Common vaccines are synonymous with injections and grant you systemic immunity. But the injection isn’t the only way to develop immunity. And considering how most pathogens, including coronaviruses, get into our bodies, injections might not even be the best way.
SARS-CoV-2 often enters through the nose, where it encounters a specific protein, ACE2, which is found in abundance in the nasal passage. ACE2 is the virus’s doorway into our cells. In fact, the mucosal membrane that lines your airways is often the frontier of your body to face SARS-CoV-2. Immune cells reside underneath your mucosal membranes, creating a front line of defense against invaders and preventing infection from taking root. Your mucosal immune cells produce a special class of antibodies, immunoglobulin A (IgA), that are constantly secreted from the mucosae to protect the nose, gut, and other vulnerable sites from pathogens we’ve seen in the past. This is the mucosal immune system and it is hard to study. Secreted IgA is tricky to measure. “It is a lot easier to measure things from the blood than it is to measure from mucosa,” says Michael Barry, who has developed an experimental intranasal vaccine for COVID-19 at the Mayo Clinic. To determine how much IgA an animal has produced after vaccination typically requires killing the animal to wash IgA off its lungs. In humans, IgA can be measured by collecting nasal fluid or saliva, but the IgA levels will vary depending on how the sample is collected.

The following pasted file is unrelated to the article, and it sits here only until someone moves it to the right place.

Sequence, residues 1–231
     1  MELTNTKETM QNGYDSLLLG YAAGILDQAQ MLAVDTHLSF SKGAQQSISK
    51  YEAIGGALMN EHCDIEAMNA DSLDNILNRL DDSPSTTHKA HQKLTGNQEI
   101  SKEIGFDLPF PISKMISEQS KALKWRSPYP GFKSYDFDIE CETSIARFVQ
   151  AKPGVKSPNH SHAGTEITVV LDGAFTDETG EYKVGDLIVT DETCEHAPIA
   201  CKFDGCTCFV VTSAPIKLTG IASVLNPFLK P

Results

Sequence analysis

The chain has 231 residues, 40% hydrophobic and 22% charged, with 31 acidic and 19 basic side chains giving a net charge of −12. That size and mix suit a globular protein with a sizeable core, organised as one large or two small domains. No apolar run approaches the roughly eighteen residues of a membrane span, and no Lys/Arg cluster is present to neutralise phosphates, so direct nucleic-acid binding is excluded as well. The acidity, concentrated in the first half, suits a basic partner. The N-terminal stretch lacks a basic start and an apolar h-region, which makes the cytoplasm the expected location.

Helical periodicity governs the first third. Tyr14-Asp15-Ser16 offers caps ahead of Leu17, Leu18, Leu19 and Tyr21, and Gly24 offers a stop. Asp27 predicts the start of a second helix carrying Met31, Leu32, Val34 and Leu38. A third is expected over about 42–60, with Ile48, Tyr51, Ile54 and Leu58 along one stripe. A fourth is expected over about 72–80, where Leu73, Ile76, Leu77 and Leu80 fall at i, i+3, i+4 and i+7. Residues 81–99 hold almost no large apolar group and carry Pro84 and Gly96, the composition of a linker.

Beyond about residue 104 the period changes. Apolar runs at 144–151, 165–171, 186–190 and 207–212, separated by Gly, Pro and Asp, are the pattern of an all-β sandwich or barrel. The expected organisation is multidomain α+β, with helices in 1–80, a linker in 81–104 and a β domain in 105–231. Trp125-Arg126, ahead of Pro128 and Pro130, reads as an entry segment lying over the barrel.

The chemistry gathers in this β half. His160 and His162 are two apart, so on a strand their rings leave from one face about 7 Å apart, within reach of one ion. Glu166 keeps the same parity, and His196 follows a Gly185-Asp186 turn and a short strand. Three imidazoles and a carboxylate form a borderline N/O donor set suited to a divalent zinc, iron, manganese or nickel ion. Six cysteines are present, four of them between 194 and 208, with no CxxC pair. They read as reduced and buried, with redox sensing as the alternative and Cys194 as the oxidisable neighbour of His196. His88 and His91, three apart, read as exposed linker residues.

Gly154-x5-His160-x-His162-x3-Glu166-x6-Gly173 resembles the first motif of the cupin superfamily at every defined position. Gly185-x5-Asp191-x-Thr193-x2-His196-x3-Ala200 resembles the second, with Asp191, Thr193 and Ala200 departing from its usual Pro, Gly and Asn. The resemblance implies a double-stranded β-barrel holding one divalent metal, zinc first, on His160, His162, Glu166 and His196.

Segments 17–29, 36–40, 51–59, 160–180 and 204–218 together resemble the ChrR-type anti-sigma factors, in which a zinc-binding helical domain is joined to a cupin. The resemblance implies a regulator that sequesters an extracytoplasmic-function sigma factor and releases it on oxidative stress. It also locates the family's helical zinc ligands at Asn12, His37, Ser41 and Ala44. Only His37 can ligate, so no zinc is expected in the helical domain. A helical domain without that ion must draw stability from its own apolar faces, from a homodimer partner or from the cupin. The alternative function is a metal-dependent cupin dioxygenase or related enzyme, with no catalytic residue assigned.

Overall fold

In addition to the complexity of IgA tests, intranasal vaccines have another drawback. “It is actually quite difficult to get the nasal spray to stay in the nasal tract,” says Victoria Kett, a drug delivery scientist at Queen’s University Belfast who has worked on intranasal vaccines. “If you use a nasal spray, it often doesn’t take long before you can taste it. And if you can taste it, it has left your nose,” Herman Ford Staats, immunologist, Duke University School of Medicine, says. Another risk of intranasal vaccines is sneezing. You take only a deep breath and sneeze the dose right out. All this means that researchers aren’t sure of the exact dose a person receives.
These considerations explain why up to the present, pharmaceutical companies have been reluctant to invest in the needle-free approach.
Nevertheless, some immunologists think the mucosal immune system has been seriously underestimated. Recently, it has been demonstrated that in the absence of local (mucosal) immunity, the nasal cavity may become a reservoir for the coronavirus, putting the patient at risk for reinfection or disease transmission to others. Mucosal immunity can stop both infections and the spread of the virus. However, mucosal immunity needs triggering. “…if you don’t stimulate the immune system in the mucosae, you don’t obtain mucosal immune responses,” says Pierre Charneau, head of the Molecular Virology and Vaccinology Unit at the Pasteur Institute. It is very important that mucosal immunity can only be achieved by administering a vaccine intranasally, not intramuscularly.
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Topics: Novel Therapeutics